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How do you deal with squabbling t(w)eens?

(6 Posts)
FiveHoursSleep Fri 30-Jan-15 08:12:56

DD1 is 13 and DD2 is 11. They are y7 and y8 and they are horrible to each other sad
They were really good friends when younger and even a year ago, they could sit in the same room, but since DD2 started at DD1's school things have downhill.
I'd say 80% of it comes from DD1 who is embarrassed by her younger sister who is often loud, inappropriate and immature (She has ASD).
But DD2 responds by screaming, crying and lashing out.
Both of them swear and call each other names.
I tolerate disagreements but once they get nasty or physical I tend to separate them and give them housework to do.
Things are getting worse, not better, and the two smaller ones are picking up some dreadful words and behaviour.
Has anyone got any brilliant ideas or is this my life for the next 4-5 years?

TheFirstOfHerName Fri 30-Jan-15 21:12:41

Hi there. We have a sibling rivalry issue between DS1 (Y10) and DS3 (Y6). DS1 thinks DS3 is annoying, loud, babyish and not understanding enough of DS2. DS3 feels that DS1 gets too much of my attention (DS1 is recovering from a long-term illness).

Thankfully, DS2 (ASD) stays completely out of it, as does DD.

Our first strategy was to ignore it and let them sort it out between themselves. This was a disaster. Their fighting escalated to the point where they were upsetting DS2 and DD.

The next strategy was zero tolerance. This was hard work and required a lot of input. I had to physically be present if they were in the same room to keep an eye on them. In the short term, it has worked. It broke the cycle of arguing which had become habit. They have been getting on well for a couple of weeks now.

However, DS3 starts Y7 at DS1's school in September, which could well trigger all-out war.

TheFirstOfHerName Fri 30-Jan-15 21:17:53

Has the problem got worse since DD2 started at DD1's school? Adolescents can be very aware of what other people think of them. Having a sibling who is quirky or behaves unusually can make a conformist feel like everyone is judging them.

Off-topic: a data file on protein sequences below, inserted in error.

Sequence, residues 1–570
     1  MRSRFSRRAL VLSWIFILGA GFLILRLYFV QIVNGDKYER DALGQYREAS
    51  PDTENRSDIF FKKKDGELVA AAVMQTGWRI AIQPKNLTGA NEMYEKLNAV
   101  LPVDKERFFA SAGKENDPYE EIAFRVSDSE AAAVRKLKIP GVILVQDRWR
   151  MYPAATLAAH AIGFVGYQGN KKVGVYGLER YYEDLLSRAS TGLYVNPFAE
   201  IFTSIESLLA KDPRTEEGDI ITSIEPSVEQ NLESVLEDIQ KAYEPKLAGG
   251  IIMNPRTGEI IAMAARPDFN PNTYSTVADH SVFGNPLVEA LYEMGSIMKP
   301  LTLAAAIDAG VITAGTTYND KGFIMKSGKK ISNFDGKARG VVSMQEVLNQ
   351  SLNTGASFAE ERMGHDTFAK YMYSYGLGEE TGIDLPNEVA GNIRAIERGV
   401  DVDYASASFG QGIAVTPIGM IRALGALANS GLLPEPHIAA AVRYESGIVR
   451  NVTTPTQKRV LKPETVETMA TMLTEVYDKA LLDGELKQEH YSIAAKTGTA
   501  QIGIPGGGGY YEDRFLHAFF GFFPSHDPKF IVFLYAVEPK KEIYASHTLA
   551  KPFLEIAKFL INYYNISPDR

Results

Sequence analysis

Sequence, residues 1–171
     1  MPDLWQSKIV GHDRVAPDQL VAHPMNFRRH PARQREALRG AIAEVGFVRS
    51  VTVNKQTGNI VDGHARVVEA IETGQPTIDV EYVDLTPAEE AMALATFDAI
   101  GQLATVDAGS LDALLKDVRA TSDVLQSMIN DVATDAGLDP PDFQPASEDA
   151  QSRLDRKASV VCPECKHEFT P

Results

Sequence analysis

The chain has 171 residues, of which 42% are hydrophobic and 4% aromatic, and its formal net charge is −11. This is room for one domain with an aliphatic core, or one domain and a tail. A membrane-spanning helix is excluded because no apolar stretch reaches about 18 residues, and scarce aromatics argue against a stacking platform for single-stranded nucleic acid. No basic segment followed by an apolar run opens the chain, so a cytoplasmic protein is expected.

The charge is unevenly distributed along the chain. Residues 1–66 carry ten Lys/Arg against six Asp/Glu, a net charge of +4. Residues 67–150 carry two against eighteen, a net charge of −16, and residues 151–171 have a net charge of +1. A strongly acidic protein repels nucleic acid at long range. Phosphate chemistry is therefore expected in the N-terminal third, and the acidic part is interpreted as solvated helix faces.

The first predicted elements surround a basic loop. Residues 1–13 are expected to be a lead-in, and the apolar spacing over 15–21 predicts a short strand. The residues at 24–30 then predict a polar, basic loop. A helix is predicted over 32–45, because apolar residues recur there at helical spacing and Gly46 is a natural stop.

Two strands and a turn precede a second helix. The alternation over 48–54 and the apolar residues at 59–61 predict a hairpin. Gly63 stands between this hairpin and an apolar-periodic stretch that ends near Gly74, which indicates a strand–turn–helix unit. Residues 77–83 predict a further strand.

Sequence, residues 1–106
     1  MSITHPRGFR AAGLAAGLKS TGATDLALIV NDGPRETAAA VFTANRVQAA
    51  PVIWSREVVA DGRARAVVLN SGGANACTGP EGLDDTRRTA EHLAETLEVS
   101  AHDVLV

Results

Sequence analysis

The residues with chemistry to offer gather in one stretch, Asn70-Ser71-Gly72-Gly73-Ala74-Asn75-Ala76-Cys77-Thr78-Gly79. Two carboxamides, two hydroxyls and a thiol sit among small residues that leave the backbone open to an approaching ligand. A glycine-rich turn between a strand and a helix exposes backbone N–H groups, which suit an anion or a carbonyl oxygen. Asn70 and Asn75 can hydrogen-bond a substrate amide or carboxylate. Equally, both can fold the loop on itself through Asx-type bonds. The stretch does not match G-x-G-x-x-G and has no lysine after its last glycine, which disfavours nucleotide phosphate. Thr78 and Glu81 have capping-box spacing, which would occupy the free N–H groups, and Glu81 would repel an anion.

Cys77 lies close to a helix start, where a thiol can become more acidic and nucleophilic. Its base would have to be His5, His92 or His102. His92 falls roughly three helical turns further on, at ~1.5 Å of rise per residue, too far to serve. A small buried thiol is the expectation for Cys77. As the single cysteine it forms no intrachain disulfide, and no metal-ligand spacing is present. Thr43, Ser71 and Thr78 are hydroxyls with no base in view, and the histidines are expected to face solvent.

We have close family friends with a DD in the same year as DS2 (and your DD1), and she is often asked about DS2's behaviour, as if she is somehow responsible for him! They aren't even related!

FiveHoursSleep Fri 30-Jan-15 21:46:29

TheFirst, yes definitely much worse since DD2 started at the school.
DD1's friends quite like DD2 but DD1 hates it if her younger sister so much as speaks to them.
DD2 doesn't really fit in that well with the other Y7 girls as everyone is desperate not to stand out, so all she wants is a kind word form her big sister sad

TheFirstOfHerName Fri 30-Jan-15 21:59:40

I can understand the sensitivity an older, neurotypical child feels when a younger, neurodiverse sibling joins their school. They have invested time and effort into establishing an image of themselves as being the same as everyone else and part of the 'tribe', and anything that threatens that status quo can be stressful.

When DS2 started in Y7, DS1 was in Y9. DS1 was so worried that his 'friends' would judge him for DS2's behaviour that he said he didn't want DS2 to walk with him on the way to/from school or speak to him or his group. sad

. Fortunately, DS1 grew out of the judgemental friends and now has much more understanding friends who all think DS2 is sweet and anyway are mature enough not to tease DS1 if DS2 does something unusual.

This, and DS1's increased maturity, have really improved the relationship between him and DS2.

FiveHoursSleep Sat 31-Jan-15 09:57:16

Yes, I can understand why DD1 feels the way she does, but just wish she didn't have to be so nasty to her sister so much of the time sad

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